State agrees to bolster public defender system

The state public defender agency has agreed to hire new lawyers to ensure that inmates seeking to appeal their convictions have qualified counsel to represent them, according to a settlement reached this week.

The Georgia Public Defender Standards Council's board voted unanimously Friday to approve a legal agreement that calls for the agency to hire up to seven full-time appellate lawyers and monitor the caseloads of the lawyers to make sure they don't get out of hand. The agency now has two full-time lawyers and one part-time lawyer handling appeals.

The settlement was reached on the eve of a trial on the inmates' claims before Fulton County Superior Court Judge Jerry Baxter, who has overseen the case since a lawsuit was filed two years ago.

The agency also agreed to increase the pay for private attorneys who handle appeals on a contract basis. During a previous hearing, Baxter had expressed disbelief that prior contracts had lawyers working for less than $10 an hour. The defender agency had resorted to such contracts because its budget to handle appeals had been by cut from $336,000 to $160,000.

"We believe this is an important and significant step towards making Georgia's indigent defense system capable of providing our clients with the representation to which they are entitled," said Lauren Sudeall Lucas of the Southern Center for Human Rights in Atlanta.

Travis Sakrison, executive director of the public defender council, said, “In its current form, we believe that the proposed settlement is a reasonable resolution to this issue for the clients [the defender council] represents and the state of Georgia.” The terms of the agreement mirror much of what the council "has already implemented and aligns with our future plans."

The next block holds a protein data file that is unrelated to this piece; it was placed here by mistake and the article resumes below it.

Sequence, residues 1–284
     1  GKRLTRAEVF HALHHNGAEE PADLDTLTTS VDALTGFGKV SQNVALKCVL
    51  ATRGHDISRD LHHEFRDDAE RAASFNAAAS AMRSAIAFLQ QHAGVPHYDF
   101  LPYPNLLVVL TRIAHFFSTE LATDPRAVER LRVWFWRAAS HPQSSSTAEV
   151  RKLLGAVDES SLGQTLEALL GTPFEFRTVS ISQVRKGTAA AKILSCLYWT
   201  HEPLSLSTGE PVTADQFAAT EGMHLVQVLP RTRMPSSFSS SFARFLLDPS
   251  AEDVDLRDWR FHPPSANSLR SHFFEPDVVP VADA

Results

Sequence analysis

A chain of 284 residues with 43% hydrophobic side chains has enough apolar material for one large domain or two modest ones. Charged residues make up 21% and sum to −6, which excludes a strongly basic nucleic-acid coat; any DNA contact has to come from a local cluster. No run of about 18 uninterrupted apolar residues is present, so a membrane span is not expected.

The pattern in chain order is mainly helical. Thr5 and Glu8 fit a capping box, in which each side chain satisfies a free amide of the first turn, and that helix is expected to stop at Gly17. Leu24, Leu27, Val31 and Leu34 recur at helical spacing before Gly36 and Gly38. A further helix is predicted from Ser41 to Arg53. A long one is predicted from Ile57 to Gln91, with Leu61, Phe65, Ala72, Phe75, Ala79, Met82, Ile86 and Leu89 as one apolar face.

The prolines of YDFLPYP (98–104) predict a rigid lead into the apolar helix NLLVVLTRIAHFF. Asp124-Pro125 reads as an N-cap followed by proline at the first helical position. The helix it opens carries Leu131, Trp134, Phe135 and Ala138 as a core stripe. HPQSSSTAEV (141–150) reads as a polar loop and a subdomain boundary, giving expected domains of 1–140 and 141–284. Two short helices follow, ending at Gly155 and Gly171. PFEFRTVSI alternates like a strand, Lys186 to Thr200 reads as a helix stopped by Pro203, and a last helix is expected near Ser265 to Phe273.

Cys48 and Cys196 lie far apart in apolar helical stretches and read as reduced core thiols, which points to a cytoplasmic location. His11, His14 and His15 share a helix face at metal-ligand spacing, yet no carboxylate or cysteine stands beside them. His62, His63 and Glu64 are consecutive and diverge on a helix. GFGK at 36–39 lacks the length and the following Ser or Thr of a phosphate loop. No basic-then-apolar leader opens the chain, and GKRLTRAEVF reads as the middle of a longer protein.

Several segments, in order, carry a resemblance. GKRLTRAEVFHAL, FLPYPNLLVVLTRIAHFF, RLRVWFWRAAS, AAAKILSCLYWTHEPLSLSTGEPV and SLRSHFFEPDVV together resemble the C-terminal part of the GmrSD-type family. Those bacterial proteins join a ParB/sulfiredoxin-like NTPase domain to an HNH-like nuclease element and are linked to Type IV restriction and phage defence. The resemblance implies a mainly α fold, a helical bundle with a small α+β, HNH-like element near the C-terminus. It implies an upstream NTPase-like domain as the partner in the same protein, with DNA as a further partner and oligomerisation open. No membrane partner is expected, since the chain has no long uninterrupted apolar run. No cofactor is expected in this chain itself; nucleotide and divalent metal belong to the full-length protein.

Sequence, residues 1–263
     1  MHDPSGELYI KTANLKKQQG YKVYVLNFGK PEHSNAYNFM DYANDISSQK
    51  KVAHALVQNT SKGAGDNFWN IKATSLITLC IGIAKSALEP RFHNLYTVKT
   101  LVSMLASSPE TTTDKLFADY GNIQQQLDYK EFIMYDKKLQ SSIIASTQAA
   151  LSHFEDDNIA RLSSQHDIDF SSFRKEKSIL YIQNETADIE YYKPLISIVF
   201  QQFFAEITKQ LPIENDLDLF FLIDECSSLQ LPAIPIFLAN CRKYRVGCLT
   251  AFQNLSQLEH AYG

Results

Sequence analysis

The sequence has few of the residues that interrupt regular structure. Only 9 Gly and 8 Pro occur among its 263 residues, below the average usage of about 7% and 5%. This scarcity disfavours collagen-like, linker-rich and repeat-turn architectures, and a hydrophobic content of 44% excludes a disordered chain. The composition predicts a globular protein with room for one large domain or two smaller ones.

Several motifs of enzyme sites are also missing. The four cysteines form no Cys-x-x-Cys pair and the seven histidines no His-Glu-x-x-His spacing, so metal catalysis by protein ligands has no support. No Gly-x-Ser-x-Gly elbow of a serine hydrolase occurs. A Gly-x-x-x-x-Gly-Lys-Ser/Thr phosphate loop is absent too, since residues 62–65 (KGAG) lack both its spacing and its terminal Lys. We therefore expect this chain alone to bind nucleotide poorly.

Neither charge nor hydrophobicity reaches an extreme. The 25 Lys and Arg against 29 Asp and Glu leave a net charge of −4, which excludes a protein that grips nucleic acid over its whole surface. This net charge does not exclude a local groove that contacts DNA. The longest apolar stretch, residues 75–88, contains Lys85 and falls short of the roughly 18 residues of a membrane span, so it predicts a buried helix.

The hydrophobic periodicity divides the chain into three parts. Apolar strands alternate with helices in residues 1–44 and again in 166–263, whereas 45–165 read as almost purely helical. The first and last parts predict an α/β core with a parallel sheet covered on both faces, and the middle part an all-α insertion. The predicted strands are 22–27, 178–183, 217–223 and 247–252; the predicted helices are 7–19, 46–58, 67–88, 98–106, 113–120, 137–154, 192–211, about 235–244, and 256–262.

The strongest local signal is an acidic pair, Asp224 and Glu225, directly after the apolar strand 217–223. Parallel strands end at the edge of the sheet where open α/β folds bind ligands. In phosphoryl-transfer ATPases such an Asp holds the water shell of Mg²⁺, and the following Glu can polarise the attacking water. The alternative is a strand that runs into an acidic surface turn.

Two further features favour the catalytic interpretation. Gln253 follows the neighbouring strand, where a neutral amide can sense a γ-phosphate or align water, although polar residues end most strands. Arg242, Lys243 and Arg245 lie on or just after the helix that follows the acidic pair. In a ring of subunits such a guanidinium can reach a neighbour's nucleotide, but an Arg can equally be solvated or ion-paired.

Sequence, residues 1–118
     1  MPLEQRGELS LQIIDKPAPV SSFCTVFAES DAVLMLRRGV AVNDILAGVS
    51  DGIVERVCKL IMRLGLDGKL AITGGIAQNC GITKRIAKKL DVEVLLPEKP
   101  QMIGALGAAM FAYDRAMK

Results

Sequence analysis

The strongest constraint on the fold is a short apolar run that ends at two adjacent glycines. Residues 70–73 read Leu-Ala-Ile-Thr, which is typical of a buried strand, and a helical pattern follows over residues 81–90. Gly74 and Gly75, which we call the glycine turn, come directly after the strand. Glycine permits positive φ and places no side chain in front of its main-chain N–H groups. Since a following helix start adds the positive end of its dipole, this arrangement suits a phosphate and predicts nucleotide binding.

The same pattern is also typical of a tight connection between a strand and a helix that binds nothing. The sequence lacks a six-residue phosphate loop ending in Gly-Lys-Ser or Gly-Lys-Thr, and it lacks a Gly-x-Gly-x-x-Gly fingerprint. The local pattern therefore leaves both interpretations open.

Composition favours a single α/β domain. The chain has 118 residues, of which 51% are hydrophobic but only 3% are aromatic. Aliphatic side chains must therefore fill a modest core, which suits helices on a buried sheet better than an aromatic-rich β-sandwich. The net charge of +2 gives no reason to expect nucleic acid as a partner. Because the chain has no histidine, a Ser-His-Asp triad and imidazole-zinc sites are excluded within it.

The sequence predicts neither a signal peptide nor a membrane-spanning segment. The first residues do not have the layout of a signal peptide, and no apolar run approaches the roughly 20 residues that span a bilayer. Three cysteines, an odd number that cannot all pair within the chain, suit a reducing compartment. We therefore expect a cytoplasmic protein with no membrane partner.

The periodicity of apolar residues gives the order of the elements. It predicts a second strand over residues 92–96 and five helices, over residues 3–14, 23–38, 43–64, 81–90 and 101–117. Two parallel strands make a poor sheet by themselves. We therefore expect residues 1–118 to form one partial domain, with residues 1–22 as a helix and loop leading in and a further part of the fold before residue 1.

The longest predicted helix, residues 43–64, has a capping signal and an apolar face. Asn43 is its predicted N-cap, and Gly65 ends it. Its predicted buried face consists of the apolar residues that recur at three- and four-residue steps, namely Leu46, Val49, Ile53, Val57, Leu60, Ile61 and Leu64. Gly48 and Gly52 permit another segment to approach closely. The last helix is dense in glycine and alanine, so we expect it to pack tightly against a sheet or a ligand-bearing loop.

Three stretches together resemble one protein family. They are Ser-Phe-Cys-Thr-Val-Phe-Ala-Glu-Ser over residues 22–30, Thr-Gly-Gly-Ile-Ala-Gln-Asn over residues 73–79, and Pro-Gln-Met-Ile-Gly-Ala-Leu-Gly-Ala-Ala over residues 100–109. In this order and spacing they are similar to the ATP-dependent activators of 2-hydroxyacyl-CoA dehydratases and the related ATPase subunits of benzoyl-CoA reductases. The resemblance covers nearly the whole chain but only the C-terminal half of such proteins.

Sakrison declined to specify how much the new lawyers will cost the agency, saying Baxter had yet to approve the settlement.

The class-action lawsuit filed in 2009 said almost 200 people convicted of crimes had not been appointed counsel to represent them on appeal. Some inmates had been waiting more than three years for a lawyer to represent them and many more had been waiting at least one year, the lawsuit said.

In early 2010, Baxter, calling the right to counsel "unqualified and unconditional," ordered the defender agency to provide lawyers to the inmates. As of this week, there was no backlog of cases in which an inmate had asked for a lawyer and not been provided one.

But Lucas said there were concerns over the quality of representation being provided, with too many lawyers having too many cases and not enough time to spend on them. Moreover, she said, the agency had no policies in place to monitor the lawyers' performance.

Michael Caplan, another lawyer representing the inmates, said a primary goal of the 2003 indigent defense act, which established the statewide system, was the hiring and retention of full-time and trained public defenders.

"What this settlement does is bring us back to where we wanted to go in 2003," he said.

The parties will now ask Baxter to approve the settlement.

In recent years, the state's public defender system has struggled to meet its obligations because of budget shortfalls. The Legislature established a revenue stream to fund the system through increased court fines and fees, but in past years lawmakers diverted millions of dollars in collections to other programs. The council's budget for the current fiscal year is $39 million, about $3 million less than what was collected last year in court fines and fees.

House Bill 648, sponsored by Republican and Democratic leaders, would have a constitutional amendment placed on the ballot to let voters decide whether the fine and fee collections can be solely dedicated to the indigent defense system. That legislation is pending.